College Majors & ROI: How the Two Go Together

April 23, 2013 Category: College Tips

Most people would agree with the statement that college is a major investment. Students don’t have to be financial whizzes to understand why, either.

While it shouldn’t be all about the potential earnings future graduates could make, when it comes to a return on investment–also known as ROI–it is important to do research to find out which college majors have a high chance of resulting in careers that are employable, stable and profitable.

There is more to the relationship between college majors and return on investment than most people would typically think about and below are just a few factors that shed a bit of light on the matter.

Job Outlook

It goes without saying that a majority of students go into college with the hopes of securing a job after they’ve earned their degree. No one wants to put in the work, money and time to come up empty-handed in the job search. After all, graduation means not only the next phase in one’s life, but the process of paying back student loans and other existing debt…and that calls for generating some form of income.

College Majors and ROIStudents will be wise to pick a college major that is not just employable now but by the time they end up entering the workforce years down the line. This means keeping an eye out on the hiring trends for various industries, as well as staying up to date on studies published by organizations/agencies like the Bureau of Labor Statistics.

Starting Salary vs. Long Term Earnings

It’s common for students to choose a college major that is known for producing the most well paying careers. While it is smart to take earning potential into consideration, the most effective way to get a strong ROI is to pick a major that results in job opportunities that provide room for growth when it comes to earning potential.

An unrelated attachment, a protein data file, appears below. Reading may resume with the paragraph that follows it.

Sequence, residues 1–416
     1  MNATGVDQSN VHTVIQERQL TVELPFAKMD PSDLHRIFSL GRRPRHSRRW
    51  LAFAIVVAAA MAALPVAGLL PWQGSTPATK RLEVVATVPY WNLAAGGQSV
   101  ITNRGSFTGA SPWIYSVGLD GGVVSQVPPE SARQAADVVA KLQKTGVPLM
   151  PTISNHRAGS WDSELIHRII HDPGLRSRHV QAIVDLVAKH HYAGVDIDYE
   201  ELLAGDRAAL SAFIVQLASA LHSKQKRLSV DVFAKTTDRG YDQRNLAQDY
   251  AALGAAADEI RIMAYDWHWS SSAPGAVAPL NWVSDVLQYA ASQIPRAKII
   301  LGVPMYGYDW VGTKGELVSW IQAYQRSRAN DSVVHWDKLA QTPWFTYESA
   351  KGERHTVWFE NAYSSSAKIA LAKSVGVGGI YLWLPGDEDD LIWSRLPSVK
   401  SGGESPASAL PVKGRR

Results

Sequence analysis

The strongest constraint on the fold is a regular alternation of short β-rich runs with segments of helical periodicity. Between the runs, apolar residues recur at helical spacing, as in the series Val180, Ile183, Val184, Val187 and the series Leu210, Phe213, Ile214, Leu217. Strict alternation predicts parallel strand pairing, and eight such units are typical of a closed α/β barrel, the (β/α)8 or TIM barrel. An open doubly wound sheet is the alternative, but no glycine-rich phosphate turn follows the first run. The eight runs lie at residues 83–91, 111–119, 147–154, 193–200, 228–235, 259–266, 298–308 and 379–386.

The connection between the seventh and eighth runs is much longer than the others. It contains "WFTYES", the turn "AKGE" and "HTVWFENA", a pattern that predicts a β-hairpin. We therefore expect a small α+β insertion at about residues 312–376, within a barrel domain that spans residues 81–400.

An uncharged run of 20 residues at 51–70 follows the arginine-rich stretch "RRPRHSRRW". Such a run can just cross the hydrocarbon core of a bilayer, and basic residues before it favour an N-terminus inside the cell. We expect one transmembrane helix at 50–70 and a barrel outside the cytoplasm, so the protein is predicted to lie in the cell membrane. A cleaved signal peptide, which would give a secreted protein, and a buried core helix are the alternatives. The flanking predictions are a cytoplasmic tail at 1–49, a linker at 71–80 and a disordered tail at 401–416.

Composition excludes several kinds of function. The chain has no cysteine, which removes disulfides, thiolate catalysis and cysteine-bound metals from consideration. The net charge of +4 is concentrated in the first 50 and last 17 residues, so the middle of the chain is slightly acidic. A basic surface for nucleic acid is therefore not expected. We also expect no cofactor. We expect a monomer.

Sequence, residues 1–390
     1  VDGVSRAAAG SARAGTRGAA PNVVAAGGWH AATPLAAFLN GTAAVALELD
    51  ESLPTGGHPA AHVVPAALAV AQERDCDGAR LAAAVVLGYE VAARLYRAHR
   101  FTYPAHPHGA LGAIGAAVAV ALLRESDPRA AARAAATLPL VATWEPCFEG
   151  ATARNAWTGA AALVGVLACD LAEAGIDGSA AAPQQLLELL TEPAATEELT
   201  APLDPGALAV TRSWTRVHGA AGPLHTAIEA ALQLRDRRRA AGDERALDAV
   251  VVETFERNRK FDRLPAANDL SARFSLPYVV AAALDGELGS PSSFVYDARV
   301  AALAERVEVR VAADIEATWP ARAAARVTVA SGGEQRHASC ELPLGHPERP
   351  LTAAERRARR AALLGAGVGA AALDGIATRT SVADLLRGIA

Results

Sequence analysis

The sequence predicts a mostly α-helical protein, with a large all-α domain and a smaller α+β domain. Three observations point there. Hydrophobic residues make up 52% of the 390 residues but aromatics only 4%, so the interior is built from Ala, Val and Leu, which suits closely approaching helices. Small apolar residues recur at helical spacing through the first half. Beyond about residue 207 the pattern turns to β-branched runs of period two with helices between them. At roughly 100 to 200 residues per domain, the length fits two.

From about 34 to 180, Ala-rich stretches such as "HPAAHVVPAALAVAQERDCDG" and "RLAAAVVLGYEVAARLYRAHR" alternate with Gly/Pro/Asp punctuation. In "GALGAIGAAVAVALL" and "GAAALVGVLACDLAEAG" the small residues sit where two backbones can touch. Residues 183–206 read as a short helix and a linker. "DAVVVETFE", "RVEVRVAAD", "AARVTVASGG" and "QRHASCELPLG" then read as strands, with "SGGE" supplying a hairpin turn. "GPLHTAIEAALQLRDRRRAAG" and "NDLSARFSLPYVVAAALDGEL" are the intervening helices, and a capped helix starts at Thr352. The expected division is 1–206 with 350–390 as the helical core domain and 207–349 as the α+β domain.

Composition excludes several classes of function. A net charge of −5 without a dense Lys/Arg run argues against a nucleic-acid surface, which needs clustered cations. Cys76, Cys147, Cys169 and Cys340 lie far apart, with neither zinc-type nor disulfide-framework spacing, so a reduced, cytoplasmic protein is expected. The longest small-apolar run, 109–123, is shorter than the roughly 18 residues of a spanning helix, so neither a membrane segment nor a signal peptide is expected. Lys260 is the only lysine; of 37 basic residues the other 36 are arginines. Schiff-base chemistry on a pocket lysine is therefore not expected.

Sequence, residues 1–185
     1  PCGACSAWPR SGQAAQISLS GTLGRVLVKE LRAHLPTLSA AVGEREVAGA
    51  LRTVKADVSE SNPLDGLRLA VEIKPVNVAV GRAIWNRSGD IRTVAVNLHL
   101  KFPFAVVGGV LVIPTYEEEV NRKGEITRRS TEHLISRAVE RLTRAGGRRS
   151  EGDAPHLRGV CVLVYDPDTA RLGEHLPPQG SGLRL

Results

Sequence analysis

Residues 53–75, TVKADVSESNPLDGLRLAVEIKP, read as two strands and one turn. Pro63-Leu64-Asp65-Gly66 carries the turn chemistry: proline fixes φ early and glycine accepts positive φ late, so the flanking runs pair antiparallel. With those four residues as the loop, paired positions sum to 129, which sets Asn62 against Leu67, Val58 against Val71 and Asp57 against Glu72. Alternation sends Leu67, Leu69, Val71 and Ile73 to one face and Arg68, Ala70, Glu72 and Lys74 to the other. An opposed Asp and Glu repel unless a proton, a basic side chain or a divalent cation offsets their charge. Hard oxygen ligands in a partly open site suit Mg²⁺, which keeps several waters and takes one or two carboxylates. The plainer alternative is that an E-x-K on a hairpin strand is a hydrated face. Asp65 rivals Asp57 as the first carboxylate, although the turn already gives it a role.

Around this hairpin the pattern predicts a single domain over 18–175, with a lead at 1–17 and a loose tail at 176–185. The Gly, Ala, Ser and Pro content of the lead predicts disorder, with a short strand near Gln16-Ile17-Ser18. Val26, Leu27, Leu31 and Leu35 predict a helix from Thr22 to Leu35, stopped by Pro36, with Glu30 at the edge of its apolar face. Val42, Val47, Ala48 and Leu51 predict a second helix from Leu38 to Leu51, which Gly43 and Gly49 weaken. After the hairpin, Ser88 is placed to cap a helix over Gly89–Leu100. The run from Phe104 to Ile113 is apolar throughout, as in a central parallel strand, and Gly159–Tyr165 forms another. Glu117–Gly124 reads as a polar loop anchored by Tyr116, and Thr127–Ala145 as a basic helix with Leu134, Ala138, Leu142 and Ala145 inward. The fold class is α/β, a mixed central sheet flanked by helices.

Career choices with decent starting salaries are good but those that come with higher median pay over the years are even better. Aside from looking at college majors that lead to employable jobs, students should also pay attention to wages and earning potential for the long term. There are a variety of websites that list detailed graphs, charts and reports for all types of job positions in all industries, including breakdowns of median salaries according to year.

Learning how to translate that data and applying it to potential college majors is a great way for students to have a better understanding of what to expect once they’re ready to hit the job market. Even a career choice that offers a lower starting salary but that is known for growth in earnings over time will provide a better return on investment rather than choosing a job that pays well in the beginning but doesn’t have room for advancement or increase in salary.

College majors that make the cut when it comes to ROI include but are not limited to: engineering, mathematics, computer science, economics and certain fields within social sciences.

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